Corcoran v. Chesapeake & Ohio Canal Company - 94 U.S. 741 (1876)
U.S. Supreme Court
Corcoran v. Chesapeake & Ohio Canal Company, 94 U.S. 741 (1876)
Corcoran v. Chesapeake & Ohio Canal Company
94 U.S. 741
1. The Court of Appeals of Maryland, in a suit whereto the parties to this bill were parties, rendered a decision adverse to the right of the holder of coupons attached to the preferred bonds issued by the Chesapeake & Ohio Canal Company, under an Act of that State of March 10, 1845, entitled "An Act to provide for the completion of the Chesapeake & Ohio Canal to Cumberland, and for other purposes," to receive, out of the net revenues and tolls of the company, interest on such coupons from the time they respectively mature. In conformity with that decision, the Circuit Court of Baltimore City subsequently entered in the same suit a decree distributing those revenues and tolls and ordering payment of the coupons from time to time as the same should accrue. Held that the parties to this suit are bound by that decree.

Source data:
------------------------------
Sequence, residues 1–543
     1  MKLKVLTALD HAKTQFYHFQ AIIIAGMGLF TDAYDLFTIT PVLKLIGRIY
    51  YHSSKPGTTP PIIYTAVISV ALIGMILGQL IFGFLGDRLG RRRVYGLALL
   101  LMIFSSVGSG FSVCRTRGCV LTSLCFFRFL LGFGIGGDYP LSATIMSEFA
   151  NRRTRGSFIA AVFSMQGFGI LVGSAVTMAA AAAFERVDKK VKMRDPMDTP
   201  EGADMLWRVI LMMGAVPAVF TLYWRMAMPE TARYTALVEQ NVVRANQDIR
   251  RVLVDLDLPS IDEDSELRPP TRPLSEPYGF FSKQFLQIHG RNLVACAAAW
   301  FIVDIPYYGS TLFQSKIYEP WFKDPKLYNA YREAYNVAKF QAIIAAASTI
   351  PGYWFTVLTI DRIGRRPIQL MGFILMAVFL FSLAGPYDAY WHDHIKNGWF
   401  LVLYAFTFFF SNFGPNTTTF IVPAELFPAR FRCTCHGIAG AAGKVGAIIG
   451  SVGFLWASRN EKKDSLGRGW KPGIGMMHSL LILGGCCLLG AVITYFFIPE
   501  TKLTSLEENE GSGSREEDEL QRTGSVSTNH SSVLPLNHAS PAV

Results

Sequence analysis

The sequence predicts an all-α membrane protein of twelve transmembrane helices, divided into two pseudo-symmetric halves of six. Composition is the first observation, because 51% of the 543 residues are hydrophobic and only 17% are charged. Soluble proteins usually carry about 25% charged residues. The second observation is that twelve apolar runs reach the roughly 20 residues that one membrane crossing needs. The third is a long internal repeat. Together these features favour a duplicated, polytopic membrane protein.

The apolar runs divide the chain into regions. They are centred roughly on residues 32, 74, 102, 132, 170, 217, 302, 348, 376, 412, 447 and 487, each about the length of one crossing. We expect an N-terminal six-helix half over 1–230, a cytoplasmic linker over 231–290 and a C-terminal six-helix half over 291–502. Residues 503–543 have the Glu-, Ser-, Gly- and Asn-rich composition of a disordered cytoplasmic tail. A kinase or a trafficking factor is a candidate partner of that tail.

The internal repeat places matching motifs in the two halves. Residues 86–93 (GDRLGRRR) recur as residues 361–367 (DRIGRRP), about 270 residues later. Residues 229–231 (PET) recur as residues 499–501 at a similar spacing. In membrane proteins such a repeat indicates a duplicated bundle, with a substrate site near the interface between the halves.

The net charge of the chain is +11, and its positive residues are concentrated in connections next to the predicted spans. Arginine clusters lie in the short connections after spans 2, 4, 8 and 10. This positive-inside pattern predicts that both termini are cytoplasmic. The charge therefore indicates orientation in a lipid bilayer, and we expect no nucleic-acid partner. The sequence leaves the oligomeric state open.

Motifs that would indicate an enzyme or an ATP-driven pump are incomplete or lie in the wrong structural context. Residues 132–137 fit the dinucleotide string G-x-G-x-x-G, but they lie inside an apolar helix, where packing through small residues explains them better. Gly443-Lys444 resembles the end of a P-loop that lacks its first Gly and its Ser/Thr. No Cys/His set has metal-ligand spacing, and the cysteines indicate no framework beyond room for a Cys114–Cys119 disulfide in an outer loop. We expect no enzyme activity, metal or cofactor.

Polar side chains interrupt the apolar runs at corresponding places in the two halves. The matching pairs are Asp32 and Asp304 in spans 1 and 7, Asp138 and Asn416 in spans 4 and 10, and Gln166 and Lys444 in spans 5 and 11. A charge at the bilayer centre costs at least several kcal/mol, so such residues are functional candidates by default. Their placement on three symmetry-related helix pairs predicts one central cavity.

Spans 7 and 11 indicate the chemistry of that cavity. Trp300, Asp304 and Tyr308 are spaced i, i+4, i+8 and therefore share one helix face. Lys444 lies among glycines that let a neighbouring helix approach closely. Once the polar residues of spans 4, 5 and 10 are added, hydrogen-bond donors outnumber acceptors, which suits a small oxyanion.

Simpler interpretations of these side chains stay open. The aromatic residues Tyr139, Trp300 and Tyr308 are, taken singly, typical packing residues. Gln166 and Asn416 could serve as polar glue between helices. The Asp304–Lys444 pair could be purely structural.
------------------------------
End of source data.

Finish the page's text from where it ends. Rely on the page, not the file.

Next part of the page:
2. The fact that one of the parties then appeared as a trustee for the bondholders does not render the decree less conclusive in a suit where his individual rights in the same subject matter are involved. If he, at that time, owned any such bonds or coupons, he is bound, because he was representing himself. If he bought them since, he is bound as privy to the person who was represented.
3. In chancery suite, adverse rights as between co-defendants may be determined, and a party who had a hearing and an opportunity to assert his rights will be bound by the decree so far as it affects them.
The case is stated in the opinion of the Court.